By Tetsushi Kajimoto and Mariko Katsumura
TOKYO (Reuters) -Japan’s policymakers continued to warn investors on Wednesday against selling the yen, as the dollar rose to a fresh 24-year high on the Japanese currency while hurdles to directly intervene remain high.
The U.S. currency rose to 146.35 yen, a level not seen since August 1998 during the Asian financial crisis, moving above levels that triggered intervention by Japanese authorities last month to stem excessive yen weakening.
Currency intervention is costly and could fail to influence the yen’s value in the huge global foreign exchange market. Investors also doubt the efficacy of intervention given that the dollar’s strength has been driven by interest rate differentials due to widely divergent U.S. and Japanese monetary policy.
The yen was trading around 146.20 to the dollar on Wednesday afternoon as traders braced for U.S. inflation data and its implications on future U.S. rate hikes.
“We are closely watching foreign exchange moves with a high sense of urgency, and ready to take appropriate steps on excess moves,” Chief Cabinet Secretary Hirokazu Matsuno told reporters.
The comment came after Finance Minister Shunichi Suzuki was quoted by Jiji Press as saying there was no change in the country’s stance that it would take necessary steps in the foreign exchange market as needed.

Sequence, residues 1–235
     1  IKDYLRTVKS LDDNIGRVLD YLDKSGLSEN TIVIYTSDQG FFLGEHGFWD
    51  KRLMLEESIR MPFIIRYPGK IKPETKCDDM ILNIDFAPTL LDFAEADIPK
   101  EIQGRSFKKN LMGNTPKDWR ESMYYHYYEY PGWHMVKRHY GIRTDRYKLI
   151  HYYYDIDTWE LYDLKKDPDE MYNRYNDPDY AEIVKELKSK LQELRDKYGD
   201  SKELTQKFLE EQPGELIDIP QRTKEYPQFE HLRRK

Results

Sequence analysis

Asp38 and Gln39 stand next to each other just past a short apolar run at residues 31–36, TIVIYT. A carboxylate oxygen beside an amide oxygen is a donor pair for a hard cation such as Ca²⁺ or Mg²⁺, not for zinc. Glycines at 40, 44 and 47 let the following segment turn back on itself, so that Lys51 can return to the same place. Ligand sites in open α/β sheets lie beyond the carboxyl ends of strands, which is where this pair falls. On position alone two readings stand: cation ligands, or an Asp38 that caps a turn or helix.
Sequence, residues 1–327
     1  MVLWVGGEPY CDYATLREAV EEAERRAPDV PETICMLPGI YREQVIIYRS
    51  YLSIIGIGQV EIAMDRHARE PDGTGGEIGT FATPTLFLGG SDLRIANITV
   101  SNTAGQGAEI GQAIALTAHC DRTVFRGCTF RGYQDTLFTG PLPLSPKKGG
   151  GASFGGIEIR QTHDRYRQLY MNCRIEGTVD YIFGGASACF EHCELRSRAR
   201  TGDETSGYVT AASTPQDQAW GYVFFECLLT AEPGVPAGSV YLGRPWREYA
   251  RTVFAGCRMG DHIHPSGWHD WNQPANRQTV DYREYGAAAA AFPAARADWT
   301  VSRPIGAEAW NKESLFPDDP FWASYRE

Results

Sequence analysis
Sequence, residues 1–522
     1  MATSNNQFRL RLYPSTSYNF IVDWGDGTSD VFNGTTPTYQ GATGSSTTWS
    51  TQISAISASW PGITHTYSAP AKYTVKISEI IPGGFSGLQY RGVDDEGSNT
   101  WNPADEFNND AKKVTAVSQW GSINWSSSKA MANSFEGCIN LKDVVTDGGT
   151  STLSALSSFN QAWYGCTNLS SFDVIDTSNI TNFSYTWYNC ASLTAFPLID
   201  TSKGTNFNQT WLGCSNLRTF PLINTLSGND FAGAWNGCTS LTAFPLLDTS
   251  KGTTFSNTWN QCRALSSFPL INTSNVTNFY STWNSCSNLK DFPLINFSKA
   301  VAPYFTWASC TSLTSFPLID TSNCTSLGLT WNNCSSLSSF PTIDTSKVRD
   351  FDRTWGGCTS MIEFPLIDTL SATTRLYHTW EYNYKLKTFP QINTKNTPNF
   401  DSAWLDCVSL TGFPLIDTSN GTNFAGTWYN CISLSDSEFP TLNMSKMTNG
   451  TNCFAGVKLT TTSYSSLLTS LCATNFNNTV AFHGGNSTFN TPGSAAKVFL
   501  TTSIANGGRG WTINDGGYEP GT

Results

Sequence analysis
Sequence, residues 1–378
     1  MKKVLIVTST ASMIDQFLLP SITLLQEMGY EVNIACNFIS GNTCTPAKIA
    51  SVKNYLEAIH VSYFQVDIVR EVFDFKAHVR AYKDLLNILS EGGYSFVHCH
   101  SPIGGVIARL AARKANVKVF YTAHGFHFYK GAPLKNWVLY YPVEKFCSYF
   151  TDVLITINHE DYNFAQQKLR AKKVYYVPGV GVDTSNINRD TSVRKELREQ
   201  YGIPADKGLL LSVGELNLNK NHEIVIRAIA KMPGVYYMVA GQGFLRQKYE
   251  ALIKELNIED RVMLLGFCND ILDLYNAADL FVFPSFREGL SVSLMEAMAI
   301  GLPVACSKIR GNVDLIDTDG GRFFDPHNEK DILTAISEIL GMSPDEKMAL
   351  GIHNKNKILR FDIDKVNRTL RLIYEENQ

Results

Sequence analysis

“What was important was the speed of forex moves,” not any levels, when deciding on any need to take action, Jiji quoted Suzuki as saying as he was traveling to Washington to attend a gathering of financial leaders from the Group of 20 major economies.
Market players were closely watching how Suzuki might seek backing from other countries at the G20 meeting, after he said Japan won understanding “to a certain extent” from the United States on its recent foray in the market.
Analysts say Japan may face difficulty winning backing for intervention unless volatility becomes highly excessive.
“Japanese authorities may continue verbal intervention but when it comes to actual action, intervention cannot be justified except smoothing operations aimed at curbing excess volatility,” said Yasunari Ueno, chief market economist at Mizuho Securities. “Otherwise, you cannot win understanding from other countries.”
Japanese officials have repeatedly stressed the importance of seeking U.S. understanding, which is seen as lending them legitimacy for any intervention involving the dollar. Investors see solo action by Japan being far less effective than concerted intervention.
Last month, Japanese authorities sold dollars and bought yen in a market intervention for the first time since 1998, spending 2.8 trillion yen ($19.2 billion) to slow a rapid slide in the yen that was considered a threat to the economy.
As for dollar-buying, yen-selling intervention, Japan has stayed out of the market since 2011 when the devastating earthquake and tsunami triggered the worst nuclear disaster in Fukushima since Chernobyl.
($1 = 146.2100 yen)